doi = "10.1007/s10531-011-0003-6",
language = "English",
volume = "20",
pages = "683--701",
journal = "Biodiversity and Conservation",
issn = "0960-3115",
publisher = "Springer",
number = "4",

}

The direct physical, chemical and biotic impacts on Australian coastal waters due to recreational boating. / Burgin, Shelley; Hardiman, Nigel.

In: Biodiversity and Conservation, Vol. 20, No. 4, 04.2011, p. 683-701.

Research output: Contribution to journalReview articleResearchpeer-review

TY - JOUR

T1 - The direct physical, chemical and biotic impacts on Australian coastal waters due to recreational boating

AU - Burgin, Shelley

AU - Hardiman, Nigel

PY - 2011/4

Y1 - 2011/4

N2 - In economically developed countries it is projected that by around 2015 over 50% of a person's lifetime will become available for leisure. Demand for leisure needs, already strong, will continue to increase. One segment of the market, outdoor nature-based recreation (including tourism), is growing strongly worldwide. A substantial proportion of these activities are water-based. The associated demand for recreational vessels has increased rapidly in recent years and is projected to continue to trend upwards. Australian trends mirror those internationally. Using Australia as a case study, we review the direct physical, chemical and biotic impacts associated with recreational boating in coastal water environments. Major physical impacts include disturbance due to movement of craft in shallow waters (e. g., turbulence) and the effects of anchoring/drag, noise/interference/collision that impacts on wildlife. The most critical chemical impacts result from pollution due to fuels and oils, defouling treatments (even those not legislated in-country), and human waste (e. g., sewage effluent). Important biotic impacts are the potential continued introduction and secondary spread of non-native species. We conclude that while greater research effort will provide more environmentally benign products, with the increasing popularity of recreation vessels, it will be beyond the resources of Australian governments to police legislation effectively. However, based on Australian's demonstrated engagement with government in terrestrial environmental management, with their deliberate engagement with the boating fraternity, the impacts of recreational boating would be lessened.

AB - In economically developed countries it is projected that by around 2015 over 50% of a person's lifetime will become available for leisure. Demand for leisure needs, already strong, will continue to increase. One segment of the market, outdoor nature-based recreation (including tourism), is growing strongly worldwide. A substantial proportion of these activities are water-based. The associated demand for recreational vessels has increased rapidly in recent years and is projected to continue to trend upwards. Australian trends mirror those internationally. Using Australia as a case study, we review the direct physical, chemical and biotic impacts associated with recreational boating in coastal water environments. Major physical impacts include disturbance due to movement of craft in shallow waters (e. g., turbulence) and the effects of anchoring/drag, noise/interference/collision that impacts on wildlife. The most critical chemical impacts result from pollution due to fuels and oils, defouling treatments (even those not legislated in-country), and human waste (e. g., sewage effluent). Important biotic impacts are the potential continued introduction and secondary spread of non-native species. We conclude that while greater research effort will provide more environmentally benign products, with the increasing popularity of recreation vessels, it will be beyond the resources of Australian governments to police legislation effectively. However, based on Australian's demonstrated engagement with government in terrestrial environmental management, with their deliberate engagement with the boating fraternity, the impacts of recreational boating would be lessened.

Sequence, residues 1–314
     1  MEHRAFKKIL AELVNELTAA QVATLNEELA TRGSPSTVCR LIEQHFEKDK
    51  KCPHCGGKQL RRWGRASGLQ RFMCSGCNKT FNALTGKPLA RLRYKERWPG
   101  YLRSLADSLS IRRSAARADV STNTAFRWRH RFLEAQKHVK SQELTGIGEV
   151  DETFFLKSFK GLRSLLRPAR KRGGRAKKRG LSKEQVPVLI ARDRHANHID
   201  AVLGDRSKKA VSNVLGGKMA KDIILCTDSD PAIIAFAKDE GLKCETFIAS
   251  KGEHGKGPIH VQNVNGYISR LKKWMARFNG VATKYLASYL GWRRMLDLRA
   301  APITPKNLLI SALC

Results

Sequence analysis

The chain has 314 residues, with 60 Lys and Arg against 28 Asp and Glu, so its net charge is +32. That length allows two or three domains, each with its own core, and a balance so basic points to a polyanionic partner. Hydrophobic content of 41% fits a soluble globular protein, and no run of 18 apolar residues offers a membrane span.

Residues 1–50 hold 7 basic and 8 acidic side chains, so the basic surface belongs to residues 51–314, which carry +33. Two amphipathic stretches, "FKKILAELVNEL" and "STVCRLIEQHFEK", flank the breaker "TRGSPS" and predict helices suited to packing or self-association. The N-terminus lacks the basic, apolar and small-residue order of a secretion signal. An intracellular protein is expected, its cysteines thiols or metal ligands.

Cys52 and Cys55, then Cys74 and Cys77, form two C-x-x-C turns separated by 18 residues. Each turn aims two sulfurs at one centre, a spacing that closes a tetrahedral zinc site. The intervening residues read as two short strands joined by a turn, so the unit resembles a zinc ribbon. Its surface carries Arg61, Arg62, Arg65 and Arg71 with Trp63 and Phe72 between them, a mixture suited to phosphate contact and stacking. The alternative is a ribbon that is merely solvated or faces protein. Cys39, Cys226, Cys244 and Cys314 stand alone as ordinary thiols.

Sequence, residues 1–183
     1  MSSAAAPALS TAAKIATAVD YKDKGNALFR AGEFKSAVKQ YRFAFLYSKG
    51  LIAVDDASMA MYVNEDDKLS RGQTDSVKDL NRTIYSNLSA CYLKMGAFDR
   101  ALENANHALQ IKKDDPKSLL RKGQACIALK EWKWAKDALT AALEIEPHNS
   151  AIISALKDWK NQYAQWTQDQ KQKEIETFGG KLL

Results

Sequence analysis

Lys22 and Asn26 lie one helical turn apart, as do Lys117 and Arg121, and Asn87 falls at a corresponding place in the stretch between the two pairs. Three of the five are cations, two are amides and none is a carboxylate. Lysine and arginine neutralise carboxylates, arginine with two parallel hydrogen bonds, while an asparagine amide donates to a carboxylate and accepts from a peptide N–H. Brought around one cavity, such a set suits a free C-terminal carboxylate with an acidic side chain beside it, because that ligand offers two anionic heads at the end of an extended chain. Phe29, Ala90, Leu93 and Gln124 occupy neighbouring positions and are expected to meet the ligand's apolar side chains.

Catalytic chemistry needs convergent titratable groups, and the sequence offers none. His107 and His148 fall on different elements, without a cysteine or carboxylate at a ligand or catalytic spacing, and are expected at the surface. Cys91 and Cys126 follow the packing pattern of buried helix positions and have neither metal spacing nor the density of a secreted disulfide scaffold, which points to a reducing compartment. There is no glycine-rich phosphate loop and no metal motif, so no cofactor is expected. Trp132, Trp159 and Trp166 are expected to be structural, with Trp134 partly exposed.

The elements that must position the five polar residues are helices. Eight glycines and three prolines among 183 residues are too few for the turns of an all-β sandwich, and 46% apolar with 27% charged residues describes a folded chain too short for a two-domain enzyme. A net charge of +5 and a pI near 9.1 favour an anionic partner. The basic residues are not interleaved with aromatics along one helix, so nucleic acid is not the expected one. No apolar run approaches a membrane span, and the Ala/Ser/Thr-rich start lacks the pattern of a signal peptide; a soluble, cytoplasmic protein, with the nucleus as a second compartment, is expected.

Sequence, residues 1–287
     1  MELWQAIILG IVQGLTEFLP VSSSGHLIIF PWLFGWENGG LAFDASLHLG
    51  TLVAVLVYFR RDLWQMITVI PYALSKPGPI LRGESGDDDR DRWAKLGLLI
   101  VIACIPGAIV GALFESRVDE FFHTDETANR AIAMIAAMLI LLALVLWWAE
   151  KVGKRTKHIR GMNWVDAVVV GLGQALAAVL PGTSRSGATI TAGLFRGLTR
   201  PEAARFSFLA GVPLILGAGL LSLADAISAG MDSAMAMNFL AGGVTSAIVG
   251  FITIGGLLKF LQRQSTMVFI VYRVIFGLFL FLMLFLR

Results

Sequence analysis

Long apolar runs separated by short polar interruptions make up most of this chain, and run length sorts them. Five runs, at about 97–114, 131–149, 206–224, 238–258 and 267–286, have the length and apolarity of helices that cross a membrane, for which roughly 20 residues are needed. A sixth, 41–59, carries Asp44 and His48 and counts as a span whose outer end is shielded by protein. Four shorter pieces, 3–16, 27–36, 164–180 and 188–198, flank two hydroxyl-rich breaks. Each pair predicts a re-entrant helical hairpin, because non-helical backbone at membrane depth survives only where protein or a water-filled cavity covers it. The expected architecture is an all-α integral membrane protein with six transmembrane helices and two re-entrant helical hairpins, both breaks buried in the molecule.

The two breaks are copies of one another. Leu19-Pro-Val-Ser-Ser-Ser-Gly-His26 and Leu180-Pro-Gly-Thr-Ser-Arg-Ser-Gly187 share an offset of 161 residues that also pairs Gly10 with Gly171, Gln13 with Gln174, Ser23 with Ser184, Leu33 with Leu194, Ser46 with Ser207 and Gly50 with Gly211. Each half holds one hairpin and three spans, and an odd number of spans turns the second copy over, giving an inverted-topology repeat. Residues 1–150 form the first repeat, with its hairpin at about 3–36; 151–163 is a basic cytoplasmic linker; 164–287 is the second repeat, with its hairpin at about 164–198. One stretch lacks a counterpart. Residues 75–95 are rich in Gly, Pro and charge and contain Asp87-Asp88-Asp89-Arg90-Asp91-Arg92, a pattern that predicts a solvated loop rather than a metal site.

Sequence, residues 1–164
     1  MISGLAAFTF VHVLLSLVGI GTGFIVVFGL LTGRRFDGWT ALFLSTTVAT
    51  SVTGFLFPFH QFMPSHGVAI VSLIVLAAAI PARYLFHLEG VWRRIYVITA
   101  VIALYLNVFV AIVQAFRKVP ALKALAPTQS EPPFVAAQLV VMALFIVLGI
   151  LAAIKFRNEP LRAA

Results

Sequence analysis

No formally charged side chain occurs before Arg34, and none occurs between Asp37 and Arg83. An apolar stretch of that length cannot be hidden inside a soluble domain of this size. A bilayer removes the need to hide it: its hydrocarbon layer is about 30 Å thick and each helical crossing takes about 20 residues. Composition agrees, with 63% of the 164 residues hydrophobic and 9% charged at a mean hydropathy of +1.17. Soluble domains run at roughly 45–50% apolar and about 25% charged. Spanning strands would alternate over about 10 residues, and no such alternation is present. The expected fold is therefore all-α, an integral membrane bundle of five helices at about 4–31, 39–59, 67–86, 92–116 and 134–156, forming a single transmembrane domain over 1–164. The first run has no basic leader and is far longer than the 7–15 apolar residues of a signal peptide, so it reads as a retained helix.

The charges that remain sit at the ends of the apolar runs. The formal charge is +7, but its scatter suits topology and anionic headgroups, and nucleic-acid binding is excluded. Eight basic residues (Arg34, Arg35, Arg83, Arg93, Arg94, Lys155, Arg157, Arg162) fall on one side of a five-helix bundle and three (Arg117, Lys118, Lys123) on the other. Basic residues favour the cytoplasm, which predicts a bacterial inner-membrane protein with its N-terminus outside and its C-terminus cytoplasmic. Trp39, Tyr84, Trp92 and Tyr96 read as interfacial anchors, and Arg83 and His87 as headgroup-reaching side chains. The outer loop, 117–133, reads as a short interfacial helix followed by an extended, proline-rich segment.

UR - http://www.scopus.com/inward/record.url?scp=79952771682&partnerID=8YFLogxK

U2 - 10.1007/s10531-011-0003-6

DO - 10.1007/s10531-011-0003-6

M3 - Review article

VL - 20

SP - 683

EP - 701

JO - Biodiversity and Conservation

JF - Biodiversity and Conservation

SN - 0960-3115

IS - 4

ER -